Theme Of Elegy Written In A Country Churchyard

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Thomas Gray’s Steps to Immortality
Thomas Gray’s mournful poem “Elegy Written in a Country Churchyard” provides an elegy for the common man that is so often forgotten. However, this poem also serves as Gray’s instruction manual on how to come to terms with one’s own morality when all humans have a natural need for immortality. He establishes the effects that death and contemplations of death have on individuals and the hope that is to be found within such grim circumstances. In addition, he provides the resulting steps that should be taken in light of death’s effects in order to satisfy one’s craving for remembrance after death. Gray provides insight into death and how to deal with its inevitability, which applies to all men because everyone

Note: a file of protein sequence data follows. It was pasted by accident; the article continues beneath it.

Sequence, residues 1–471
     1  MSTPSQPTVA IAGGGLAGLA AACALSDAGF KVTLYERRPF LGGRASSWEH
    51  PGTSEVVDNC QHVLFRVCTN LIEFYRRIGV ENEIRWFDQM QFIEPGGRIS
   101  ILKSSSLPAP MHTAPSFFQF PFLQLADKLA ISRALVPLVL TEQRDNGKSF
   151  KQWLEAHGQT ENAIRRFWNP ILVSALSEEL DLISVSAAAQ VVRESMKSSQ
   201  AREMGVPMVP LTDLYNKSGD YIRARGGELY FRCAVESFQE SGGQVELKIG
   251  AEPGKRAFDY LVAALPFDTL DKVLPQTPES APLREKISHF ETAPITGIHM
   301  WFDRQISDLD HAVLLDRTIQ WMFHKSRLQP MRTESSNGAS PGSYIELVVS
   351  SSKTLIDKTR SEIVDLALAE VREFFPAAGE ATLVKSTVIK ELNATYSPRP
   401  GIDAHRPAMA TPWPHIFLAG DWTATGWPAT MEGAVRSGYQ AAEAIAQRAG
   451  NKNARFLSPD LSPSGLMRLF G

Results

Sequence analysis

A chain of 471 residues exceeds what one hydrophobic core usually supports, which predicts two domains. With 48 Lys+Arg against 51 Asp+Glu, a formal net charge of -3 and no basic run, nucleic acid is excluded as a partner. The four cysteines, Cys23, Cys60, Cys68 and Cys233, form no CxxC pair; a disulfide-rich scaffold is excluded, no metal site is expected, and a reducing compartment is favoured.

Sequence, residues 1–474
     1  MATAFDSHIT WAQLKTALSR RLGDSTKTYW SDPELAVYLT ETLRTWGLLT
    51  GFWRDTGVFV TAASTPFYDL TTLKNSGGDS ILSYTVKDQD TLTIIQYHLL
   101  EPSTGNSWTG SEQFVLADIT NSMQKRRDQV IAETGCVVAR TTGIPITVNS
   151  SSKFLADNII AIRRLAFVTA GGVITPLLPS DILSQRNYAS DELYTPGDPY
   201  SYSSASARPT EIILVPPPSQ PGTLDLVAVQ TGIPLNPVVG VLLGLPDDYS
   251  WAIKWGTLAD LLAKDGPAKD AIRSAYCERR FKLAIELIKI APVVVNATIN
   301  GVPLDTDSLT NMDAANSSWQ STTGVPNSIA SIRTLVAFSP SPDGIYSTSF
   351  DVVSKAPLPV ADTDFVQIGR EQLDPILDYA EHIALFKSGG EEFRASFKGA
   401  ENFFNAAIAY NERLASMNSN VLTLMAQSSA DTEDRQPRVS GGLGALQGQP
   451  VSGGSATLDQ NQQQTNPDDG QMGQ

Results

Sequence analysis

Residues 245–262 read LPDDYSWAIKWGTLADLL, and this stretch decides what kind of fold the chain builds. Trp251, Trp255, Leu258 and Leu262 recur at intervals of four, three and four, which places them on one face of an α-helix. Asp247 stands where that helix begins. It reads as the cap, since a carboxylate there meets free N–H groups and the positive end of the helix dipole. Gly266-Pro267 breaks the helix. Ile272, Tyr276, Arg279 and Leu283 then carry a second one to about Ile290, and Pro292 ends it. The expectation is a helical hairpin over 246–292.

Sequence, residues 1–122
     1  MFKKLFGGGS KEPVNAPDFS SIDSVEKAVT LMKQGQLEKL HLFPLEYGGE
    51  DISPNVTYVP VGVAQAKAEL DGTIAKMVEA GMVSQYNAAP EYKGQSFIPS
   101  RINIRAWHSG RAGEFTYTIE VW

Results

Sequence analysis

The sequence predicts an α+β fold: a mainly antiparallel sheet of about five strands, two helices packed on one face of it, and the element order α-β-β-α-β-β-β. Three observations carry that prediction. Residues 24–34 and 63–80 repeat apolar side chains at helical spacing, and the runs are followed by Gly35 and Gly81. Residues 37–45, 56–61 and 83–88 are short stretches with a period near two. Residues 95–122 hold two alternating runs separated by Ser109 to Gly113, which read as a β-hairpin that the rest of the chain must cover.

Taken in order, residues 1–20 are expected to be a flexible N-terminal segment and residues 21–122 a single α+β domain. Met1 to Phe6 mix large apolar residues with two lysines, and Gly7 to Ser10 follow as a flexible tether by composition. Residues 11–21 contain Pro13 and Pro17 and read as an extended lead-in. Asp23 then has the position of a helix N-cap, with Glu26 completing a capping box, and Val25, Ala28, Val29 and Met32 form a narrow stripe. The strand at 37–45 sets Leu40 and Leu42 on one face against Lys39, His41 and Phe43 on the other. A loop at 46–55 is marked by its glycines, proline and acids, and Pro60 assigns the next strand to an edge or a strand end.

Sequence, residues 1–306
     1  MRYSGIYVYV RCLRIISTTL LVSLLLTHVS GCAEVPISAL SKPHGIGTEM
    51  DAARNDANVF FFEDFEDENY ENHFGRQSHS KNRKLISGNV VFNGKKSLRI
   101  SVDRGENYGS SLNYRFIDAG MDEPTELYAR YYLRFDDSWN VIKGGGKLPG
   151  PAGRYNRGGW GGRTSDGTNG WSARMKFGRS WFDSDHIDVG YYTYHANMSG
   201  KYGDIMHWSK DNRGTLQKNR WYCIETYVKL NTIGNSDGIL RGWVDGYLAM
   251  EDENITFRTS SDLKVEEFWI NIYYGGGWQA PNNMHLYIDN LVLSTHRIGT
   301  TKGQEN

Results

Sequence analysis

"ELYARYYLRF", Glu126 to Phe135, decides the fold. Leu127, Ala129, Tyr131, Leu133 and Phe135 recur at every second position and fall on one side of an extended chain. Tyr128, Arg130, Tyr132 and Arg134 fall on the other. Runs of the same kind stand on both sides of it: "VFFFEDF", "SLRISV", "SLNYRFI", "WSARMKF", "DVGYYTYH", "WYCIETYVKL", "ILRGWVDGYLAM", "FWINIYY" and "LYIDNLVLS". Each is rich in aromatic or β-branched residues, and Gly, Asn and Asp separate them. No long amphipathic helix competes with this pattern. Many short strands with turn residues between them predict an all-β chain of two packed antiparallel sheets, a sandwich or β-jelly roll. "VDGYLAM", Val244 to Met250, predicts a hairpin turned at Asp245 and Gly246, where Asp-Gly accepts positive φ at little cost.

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With the opening lines, the poet sets the tone of the poem: “The curfew tolls the knell of parting day… And leaves the world to darkness and to me” (Gray 1, 4). These lines convey the ever-present position death has in the speaker’s life. The toll of the bell is simply a reminder that death comes to all. These lines paired with the title of the poem reveals that the poet is having these contemplations about death alone. The significance of this is reinforced further on in the poem as the poet observes the graved in the churchyard: “Each in his narrow cell for ever laid, / The rude forefathers of the hamlet sleep” (Gray 15-16). Gray’s first observation of death and its effects is that death brings isolation. Each man has to contemplate and come to terms with death alone, as the poet is doing, and the final end of life is something that has to be received and accepted by the victim alone as he is laid in his “narrow cell” alone. However this realization of death’s inevitable loneliness gives the reader a sense of hope in the unity that this observation provides: “The reader sees the world through the eyes of a single figure who is humankind, who sees the truth and sees the destiny of all. Yet each of the ‘rude forefathers’ represents humankind as well… Thus one has both the living, contemplating human destiny and death, and the dead, whose destiny is all too clear” (Davies). The reader receives two points of view, the voice from the living, which illustrates the musings upon death, and the voice from the dead, which illustrate the ultimate result of both life and death-centered musings. With this knowledge, this poem can be seen as an attempt to help its readers with death, an inevitability that people are usually left to deal with on their own without outside influence or direction. Therefore, Gray’s poem not only

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